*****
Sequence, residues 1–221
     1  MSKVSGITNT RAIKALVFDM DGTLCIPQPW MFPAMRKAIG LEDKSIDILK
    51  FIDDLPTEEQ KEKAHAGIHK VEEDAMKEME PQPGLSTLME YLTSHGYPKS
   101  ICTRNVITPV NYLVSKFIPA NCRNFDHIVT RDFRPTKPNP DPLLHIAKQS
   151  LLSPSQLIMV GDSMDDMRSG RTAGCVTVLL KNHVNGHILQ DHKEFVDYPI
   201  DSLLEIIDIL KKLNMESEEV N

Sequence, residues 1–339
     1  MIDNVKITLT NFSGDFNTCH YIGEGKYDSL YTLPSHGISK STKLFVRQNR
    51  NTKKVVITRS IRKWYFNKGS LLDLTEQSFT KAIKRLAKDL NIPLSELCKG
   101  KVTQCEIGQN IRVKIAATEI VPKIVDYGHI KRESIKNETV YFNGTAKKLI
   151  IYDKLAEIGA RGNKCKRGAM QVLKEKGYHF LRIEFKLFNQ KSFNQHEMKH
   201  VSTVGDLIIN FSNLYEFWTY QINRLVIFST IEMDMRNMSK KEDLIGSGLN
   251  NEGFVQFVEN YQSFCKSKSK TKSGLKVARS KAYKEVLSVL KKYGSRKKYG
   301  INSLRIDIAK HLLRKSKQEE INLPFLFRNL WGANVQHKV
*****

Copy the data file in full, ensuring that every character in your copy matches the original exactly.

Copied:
Sequence, residues 1–221
     1  MSKVSGITNT RAIKALVFDM DGTLCIPQPW MFPAMRKAIG LEDKSIDILK
    51  FIDDLPTEEQ KEKAHAGIHK VEEDAMKEME PQPGLSTLME YLTSHGYPKS
   101  ICTRNVITPV NYLVSKFIPA NCRNFDHIVT RDFRPTKPNP DPLLHIAKQS
   151  LLSPSQLIMV GDSMDDMRSG RTAGCVTVLL KNHVNGHILQ DHKEFVDYPI
   201  DSLLEIIDIL KKLNMESEEV N

Sequence, residues 1–339
     1  MIDNVKITLT NFSGDFNTCH YIGEGKYDSL YTLPSHGISK STKLFVRQNR
    51  NTKKVVITRS IRKWYFNKGS LLDLTEQSFT KAIKRLAKDL NIPLSELCKG
   101  KVTQCEIGQN IRVKIAATEI VPKIVDYGHI KRESIKNETV YFNGTAKKLI
   151  IYDKLAEIGA RGNKCKRGAM QVLKEKGYHF LRIEFKLFNQ KSFNQHEMKH
   201  VSTVGDLIIN FSNLYEFWTY QINRLVIFST IEMDMRNMSK KEDLIGSGLN
   251  NEGFVQFVEN YQSFCKSKSK TKSGLKVARS KAYKEVLSVL KKYGSRKKYG
   301  INSLRIDIAK HLLRKSKQEE INLPFLFRNL WGANVQHKV